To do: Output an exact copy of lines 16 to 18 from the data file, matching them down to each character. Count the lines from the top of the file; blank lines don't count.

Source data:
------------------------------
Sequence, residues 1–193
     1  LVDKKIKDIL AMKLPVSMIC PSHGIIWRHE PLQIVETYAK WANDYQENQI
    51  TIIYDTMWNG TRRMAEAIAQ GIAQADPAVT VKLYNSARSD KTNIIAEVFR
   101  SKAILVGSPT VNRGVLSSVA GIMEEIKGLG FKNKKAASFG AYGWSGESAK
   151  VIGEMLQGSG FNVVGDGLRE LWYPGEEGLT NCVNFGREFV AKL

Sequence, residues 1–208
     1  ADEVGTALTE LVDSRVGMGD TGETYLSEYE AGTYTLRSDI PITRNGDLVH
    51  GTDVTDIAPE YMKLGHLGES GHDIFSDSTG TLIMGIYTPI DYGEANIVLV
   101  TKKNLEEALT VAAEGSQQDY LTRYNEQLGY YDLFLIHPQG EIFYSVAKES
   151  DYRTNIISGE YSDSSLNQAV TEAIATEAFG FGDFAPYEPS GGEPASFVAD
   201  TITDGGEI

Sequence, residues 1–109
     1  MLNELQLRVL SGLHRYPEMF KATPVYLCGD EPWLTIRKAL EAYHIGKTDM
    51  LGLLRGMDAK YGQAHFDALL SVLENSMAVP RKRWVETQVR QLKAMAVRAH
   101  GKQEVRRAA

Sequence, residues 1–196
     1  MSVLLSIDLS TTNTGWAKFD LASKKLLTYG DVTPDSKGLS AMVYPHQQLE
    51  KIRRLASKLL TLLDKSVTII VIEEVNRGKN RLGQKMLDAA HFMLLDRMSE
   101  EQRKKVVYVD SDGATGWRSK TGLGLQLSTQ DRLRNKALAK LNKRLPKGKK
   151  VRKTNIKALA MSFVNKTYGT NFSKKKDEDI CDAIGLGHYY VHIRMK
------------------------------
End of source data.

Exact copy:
Sequence, residues 1–196
     1  MSVLLSIDLS TTNTGWAKFD LASKKLLTYG DVTPDSKGLS AMVYPHQQLE
    51  KIRRLASKLL TLLDKSVTII VIEEVNRGKN RLGQKMLDAA HFMLLDRMSE